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Offspring: Human Fertility Behavior in Biodemographic Perspective
Arts and Sciences. Her professional activities have included service as editor of Animal Behaviour, president of the Animal Behavior Society, vice president for conservation for the International Primatological Society, advisory board member for the National Science Foundation/Social, Behavioral and Economic Sciences, and, currently, chair of the Scientific Advisory Committee for the Integrated Nonhuman Primate Biomaterials and Information Resource.
Rodolfo A. Bulatao was staff director for the panel organizing the workshop. His research has covered psychosocial issues in population, fertility determinants, family planning program effectiveness, and program and reproductive health service costs. He previously directed the World Bank’s annual population projections and has worked on projections in various areas, including causes of death. He has also helped develop and evaluate population projects in developing countries. Dr. Bulatao was previously affiliated with the East-West Center and the University of the Philippines. He served on the National Research Council’s Committee on Population in 1983-1985 and on its Working Group on Population Growth and Economic Development. He has an M.A. in sociology from the University of the Philippines and a Ph.D. in sociology from the University of Chicago.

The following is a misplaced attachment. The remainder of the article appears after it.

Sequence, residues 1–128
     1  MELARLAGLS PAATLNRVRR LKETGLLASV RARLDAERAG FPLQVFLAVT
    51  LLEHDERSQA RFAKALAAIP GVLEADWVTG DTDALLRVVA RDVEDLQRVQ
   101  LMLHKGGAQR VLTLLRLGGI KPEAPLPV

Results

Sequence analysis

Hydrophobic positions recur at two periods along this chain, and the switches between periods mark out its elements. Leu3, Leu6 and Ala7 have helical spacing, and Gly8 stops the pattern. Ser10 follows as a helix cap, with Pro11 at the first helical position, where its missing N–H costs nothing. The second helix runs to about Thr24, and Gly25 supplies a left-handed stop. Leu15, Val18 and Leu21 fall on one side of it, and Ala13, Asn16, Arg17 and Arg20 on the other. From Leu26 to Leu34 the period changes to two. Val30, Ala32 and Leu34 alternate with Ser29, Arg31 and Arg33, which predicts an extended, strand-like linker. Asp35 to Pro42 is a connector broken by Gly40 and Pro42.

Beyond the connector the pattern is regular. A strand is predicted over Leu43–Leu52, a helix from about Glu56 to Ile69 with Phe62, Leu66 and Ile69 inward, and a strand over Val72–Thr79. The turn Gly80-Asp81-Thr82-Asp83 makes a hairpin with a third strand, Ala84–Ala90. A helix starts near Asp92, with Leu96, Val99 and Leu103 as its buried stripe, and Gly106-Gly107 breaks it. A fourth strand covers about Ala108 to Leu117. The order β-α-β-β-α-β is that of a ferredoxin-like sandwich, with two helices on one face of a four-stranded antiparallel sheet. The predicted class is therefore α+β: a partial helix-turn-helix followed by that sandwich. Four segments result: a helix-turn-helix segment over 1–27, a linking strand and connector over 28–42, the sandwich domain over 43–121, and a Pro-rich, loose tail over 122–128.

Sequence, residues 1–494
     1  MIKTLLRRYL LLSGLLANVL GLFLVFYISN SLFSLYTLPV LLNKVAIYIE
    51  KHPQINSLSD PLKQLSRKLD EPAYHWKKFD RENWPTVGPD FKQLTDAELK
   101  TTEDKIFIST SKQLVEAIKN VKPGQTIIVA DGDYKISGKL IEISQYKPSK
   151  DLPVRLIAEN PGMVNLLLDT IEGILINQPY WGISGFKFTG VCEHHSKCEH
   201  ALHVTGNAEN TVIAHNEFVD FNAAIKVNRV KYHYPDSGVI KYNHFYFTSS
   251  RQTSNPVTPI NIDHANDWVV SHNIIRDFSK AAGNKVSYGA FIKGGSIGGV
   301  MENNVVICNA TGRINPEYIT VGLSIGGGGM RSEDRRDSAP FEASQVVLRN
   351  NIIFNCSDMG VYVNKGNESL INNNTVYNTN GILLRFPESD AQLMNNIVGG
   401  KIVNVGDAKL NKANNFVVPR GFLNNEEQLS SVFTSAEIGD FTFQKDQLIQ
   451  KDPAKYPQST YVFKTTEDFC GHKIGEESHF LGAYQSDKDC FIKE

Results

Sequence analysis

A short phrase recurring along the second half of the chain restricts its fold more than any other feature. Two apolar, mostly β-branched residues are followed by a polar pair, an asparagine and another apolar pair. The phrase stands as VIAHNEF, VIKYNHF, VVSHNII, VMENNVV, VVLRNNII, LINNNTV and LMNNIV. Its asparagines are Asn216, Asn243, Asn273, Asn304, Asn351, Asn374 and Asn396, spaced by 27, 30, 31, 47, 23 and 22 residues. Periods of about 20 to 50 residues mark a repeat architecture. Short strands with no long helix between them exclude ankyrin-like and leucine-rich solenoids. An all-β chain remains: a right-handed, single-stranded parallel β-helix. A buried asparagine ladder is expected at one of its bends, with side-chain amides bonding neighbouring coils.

Judy L. Cameron is associate professor of psychiatry, neuroscience, and cell biology at the Oregon Primate Center. She studies the effects of exposure to mild everyday stresses on long-term health. Her laboratory work focuses on identifying the neural systems that respond to stress and understanding how changes in the functional activity of these systems modulate stress-responsive physiological systems, including behavior, neuroendocrine function, cardiovascular function, and glucose tolerance. The stresses studied include metabolic stresses (such as dieting, missing meals, and exercise) and psychosocial stress (such as being separated from familiar individuals and introduced to unfamiliar individuals). Her studies utilize nonhuman primates, and many combine experimental work with clinical work to understand the mechanisms underlying responses to chronic exposure to stress and the clinical implications. Dr. Cameron holds a Ph.D. from the University of Arizona.
Benjamin Campbell is assistant professor of anthropology at Boston University. He received his Ph.D. in anthropology from Harvard University in 1990, with additional postdoctoral training in demography at the Carolina Population Center. His intellectual interests are in the area of human evolutionary biology, namely, the implications of human evolution for the biology and behavior of living populations. His recent research focuses on human reproductive biology, including physiology and behavior, and its